My work is inspired by sacred geometry, which is thought to convey sacred and universal truths by reflecting the fractal interconnections of the natural world. By reiterating these ratios, my work unlocks the language of abstraction through the collective recognition of geometric perfection that is evident in ethnic patterns all around the world. This commonality creates connections. As such, my work is a perfect conduit for cross-cultural conversations that embrace our shared humanity through mindfulness and mutual respect.
My research actively explores the physicality of materials and the haptic through intense process-based abstraction. Whether working with paint, encaustic, collage, or paper cutting, I blend improvisation with repetitive systems to create complex images that counter visual skimming.
I often incorporate the grid and the circle as decorative motifs, as metaphors for pixels or binary code, and as cultural symbols of continuity and infinity. Through intricate patterning, these references are combined to contrast passive technological consumption with the redemptive nuance of slow work made by hand.
I intentionally work slowly to create artwork that fosters mindfulness. Enticed through touch, repetition and beauty, my work encourages a physical and contemplative slowing down. By embracing the redemptive effect of highly focused methodical work made by hand, my work transforms a shared encounter into an immersive meditation that quiets the nonstop noise of our time.
My research is informed by my travels to the Middle East and Western Europe. During these trips, I document motifs shared by diverse cultures as discovered in mosaics, stain glass windows, decorative textiles, carvings, and architectural ornamentation.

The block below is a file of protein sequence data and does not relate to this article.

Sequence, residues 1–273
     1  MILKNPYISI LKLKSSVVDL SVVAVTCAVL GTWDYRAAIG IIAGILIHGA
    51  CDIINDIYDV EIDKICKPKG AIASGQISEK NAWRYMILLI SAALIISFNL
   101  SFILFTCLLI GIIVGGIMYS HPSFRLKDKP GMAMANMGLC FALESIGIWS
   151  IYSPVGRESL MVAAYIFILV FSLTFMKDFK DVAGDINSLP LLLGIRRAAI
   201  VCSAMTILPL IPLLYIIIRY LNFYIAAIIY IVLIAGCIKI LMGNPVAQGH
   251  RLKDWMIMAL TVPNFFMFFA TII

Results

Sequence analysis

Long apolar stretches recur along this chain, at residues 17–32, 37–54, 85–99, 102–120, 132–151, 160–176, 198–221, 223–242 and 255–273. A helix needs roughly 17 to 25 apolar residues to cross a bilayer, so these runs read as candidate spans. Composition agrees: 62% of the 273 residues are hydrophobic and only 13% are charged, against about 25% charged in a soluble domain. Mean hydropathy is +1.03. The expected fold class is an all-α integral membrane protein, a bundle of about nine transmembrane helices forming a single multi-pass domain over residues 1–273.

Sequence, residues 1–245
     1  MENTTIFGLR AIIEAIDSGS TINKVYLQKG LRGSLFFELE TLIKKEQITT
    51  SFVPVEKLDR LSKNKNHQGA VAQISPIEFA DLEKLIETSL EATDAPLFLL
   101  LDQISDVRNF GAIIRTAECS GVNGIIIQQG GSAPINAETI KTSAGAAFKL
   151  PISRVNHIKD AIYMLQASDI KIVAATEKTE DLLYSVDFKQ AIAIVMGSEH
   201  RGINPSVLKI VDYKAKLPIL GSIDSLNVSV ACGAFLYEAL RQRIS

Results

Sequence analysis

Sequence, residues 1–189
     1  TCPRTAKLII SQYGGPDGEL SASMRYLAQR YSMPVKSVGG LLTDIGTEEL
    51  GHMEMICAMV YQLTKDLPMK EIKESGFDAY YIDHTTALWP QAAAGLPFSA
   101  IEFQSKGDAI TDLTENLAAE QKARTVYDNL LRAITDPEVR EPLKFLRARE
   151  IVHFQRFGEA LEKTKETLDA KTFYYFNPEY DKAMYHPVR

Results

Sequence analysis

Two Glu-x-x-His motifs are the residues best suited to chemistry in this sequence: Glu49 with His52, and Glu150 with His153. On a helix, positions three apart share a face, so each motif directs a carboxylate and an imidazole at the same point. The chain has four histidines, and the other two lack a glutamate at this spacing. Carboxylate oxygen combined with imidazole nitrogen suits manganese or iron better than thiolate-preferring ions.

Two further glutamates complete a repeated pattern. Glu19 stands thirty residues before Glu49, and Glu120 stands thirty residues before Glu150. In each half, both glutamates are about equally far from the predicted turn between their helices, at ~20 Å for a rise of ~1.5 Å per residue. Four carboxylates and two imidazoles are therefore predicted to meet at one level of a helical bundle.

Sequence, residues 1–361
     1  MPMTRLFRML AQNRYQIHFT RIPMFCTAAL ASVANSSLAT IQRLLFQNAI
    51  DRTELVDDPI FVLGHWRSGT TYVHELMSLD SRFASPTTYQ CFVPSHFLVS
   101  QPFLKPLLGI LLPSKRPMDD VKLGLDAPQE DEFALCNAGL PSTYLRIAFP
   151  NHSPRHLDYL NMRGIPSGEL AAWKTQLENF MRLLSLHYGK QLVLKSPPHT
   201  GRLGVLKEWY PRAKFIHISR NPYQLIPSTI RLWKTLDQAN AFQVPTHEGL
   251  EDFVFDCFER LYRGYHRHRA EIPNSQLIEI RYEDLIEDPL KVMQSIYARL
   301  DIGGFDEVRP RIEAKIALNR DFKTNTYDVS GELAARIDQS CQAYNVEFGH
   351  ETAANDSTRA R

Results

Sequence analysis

While I am drawn to perfect forms (circle, square, triangle) I am also attracted to the complex interwoven designs found in Amish quilts, Celtic knot work, and Islamic tile patterns. The paintings highlighted in this post are variations based upon the clerestory windows in Saint-Germain l’Auxerrois cathedral in Paris, France. By manipulating the color combinations and its placement, I can create highly individualized works based on the same system.
The collages riff on geometric shapes culled from patterns I invent for my paper cuts. Through materiality and dense details, an expansive plasticity defies the works’ small scale. Viewers are encouraged to linger on, make associations, or go down the proverbial “rabbit hole.” To see more work, please link to my website: www.renigower.com I am presently showing my collages at Chroma Projects until April 29th. Chroma is at Virginia Vault, 3rd Street, Charlottesville, Va.
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